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What’s the Fuss Over Local Search Anyway?

Posted by Mort Greenberg on March 27, 2008



By Brian Wool, The ClickZ Network, Mar 27, 2008
Columns  |  Contact Brian  |  Biography

After contributing nearly 30 Local Search columns for ClickZ, I still hear rather frequently from my peers in the advertising, marketing, and interactive space: Why does local search get so much attention? Isn’t the concept of local search fairly straightforward?

Let’s step back for a moment.

U.S. consumers demand instant gratification. It’s the leading reason people continue to shop in local stores after researching products online. They don’t want to wait 10 days to try out their new flat-panel TV or sweater. They want to see and touch the product before making a purchase.

According to a JupiterResearch study, online sales penetration will stabilize in 14 of 23 product categories over the next five years. While this may not be great news for Internet-only retailers, the expected plateau could prove advantageous for retailers with both on- and offline channels. And the amount of online consumer research continues to grow as online purchases stabilize. JupiterResearch indicates that 86 percent of online shoppers say they research their offline purchases online.

As consumer preferences change from traditional to new media, sites such as ShopLocal are augmenting the Sunday circular and are at the intersection of enabling advertisers to take advantage of this sea change. For traditional retailers to remain relevant in an environment where product selection is increasingly driven by online research, they must focus more resources on the online local search marketplace.

Online consumer research can be leveraged to the benefit of retailers, if done correctly. How can you insert your business into the process? Having a Web site is a great start but doesn’t end there. How do you get your site, products, and services found by consumers? Here are a few tips for becoming competitive in a retail market driven by local search:

  • Ensure your footprint of local stores is listed with all the major search engines and Internet yellow pages (IYP) sites. This should be your first step. Then, make sure the search engines and IYPs link your site to all local listings. Otherwise, your site will do very little to help you drive visibility to your business. And if no one can find you…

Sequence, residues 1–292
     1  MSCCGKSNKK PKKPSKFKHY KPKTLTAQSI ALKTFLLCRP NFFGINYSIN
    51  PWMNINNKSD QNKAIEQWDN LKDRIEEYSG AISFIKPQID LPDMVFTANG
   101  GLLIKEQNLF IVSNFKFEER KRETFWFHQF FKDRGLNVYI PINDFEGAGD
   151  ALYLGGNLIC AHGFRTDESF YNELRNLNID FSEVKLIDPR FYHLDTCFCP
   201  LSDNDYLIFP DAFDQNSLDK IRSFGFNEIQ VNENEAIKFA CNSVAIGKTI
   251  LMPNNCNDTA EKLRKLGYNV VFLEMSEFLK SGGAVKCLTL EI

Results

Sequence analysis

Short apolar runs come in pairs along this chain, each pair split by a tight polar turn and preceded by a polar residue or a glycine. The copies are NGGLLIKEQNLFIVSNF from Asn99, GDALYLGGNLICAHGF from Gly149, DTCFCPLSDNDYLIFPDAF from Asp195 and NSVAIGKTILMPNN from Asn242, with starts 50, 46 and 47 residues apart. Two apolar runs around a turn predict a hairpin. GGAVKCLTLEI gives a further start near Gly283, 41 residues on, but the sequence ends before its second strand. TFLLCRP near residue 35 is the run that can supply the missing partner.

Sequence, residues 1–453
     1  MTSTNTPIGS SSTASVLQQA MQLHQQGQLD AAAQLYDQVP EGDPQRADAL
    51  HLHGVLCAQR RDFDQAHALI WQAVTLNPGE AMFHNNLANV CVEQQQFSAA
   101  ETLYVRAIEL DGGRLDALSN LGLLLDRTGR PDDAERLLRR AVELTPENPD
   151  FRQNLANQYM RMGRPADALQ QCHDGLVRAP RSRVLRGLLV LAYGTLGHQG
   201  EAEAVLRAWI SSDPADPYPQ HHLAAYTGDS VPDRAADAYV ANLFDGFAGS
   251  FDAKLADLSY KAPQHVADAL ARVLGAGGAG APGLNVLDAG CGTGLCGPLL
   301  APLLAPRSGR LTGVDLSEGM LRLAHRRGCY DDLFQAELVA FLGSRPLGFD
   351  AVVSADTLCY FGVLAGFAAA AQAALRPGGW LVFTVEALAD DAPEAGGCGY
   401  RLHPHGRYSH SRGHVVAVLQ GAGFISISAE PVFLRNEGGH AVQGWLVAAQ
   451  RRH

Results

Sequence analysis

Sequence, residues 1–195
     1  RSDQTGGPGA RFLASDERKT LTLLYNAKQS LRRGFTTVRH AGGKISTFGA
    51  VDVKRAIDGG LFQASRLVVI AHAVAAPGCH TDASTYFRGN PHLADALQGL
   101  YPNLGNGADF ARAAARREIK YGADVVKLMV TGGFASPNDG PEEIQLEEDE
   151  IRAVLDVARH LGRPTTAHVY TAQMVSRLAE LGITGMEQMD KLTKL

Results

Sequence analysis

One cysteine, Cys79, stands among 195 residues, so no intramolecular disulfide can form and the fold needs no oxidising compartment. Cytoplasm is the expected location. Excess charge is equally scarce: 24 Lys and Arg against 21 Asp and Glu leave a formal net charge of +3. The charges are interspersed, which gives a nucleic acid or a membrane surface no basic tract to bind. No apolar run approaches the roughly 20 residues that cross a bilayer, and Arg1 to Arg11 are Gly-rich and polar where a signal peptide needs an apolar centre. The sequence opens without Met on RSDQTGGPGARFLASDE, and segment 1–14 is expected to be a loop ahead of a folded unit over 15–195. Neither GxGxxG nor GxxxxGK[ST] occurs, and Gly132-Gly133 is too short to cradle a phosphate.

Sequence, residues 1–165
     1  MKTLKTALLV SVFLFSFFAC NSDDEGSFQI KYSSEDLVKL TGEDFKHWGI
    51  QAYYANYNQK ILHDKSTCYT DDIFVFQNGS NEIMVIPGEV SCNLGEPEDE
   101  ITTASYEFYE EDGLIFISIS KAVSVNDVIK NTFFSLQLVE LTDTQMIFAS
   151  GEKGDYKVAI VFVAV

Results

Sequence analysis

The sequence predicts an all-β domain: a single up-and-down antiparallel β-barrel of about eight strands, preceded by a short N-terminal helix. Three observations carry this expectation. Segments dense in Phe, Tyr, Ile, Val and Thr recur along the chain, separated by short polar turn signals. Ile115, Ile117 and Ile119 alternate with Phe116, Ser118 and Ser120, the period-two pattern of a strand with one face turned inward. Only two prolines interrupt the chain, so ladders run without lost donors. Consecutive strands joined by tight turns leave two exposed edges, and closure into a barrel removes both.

• Effectively compete with all the other local listings in your category. How do you achieve a higher ranking? There’s no silver bullet, but you can take specific steps to increase your viability among other local businesses in your geographic area. Content is king in the online world, so make sure the search engines and IYPs have a well-rounded profile of your business location. Content should include hours of operation, credit cards accepted, and so on. All products and services highlighted on your site should be emphasized in the local listings, your “business profile,” as well.
  • Make certain your site is associated with your local listing. The negative impact of not having a site and complementary content within your listing can now be seen within Google more than ever, as Google has introduced 10 local listings with abbreviated content on each SERP (define). When you click on one of these local listings, the link takes you to either Google Maps or the site associated with the listing. Needless to say, it’s key to achieve visibility within the first 10 listings at Google and within the first three at Yahoo and MSN. Time and again, I see an incorrect site listed with a business. It’s like generating phone calls for a competitor or leaving your phone off the hook.
  • Submit your listing to a distribution broader than the three major search engines. Don’t get caught in the trap of only submitting your listings and product information to the three major search engines. Online consumer researchers visit a myriad of local reference sites so it’s important to list your business in all of them. In doing a search for dishwashers in Washington, DC, I found information presented around the local results came from various local sites in many cases. For example, at MSN you’ll see reference sites such as Judy’s Book and Yelp.

Bottom line: local search may seem simplistic, but if your local business, products, and services aren’t being found, your competition is winning.


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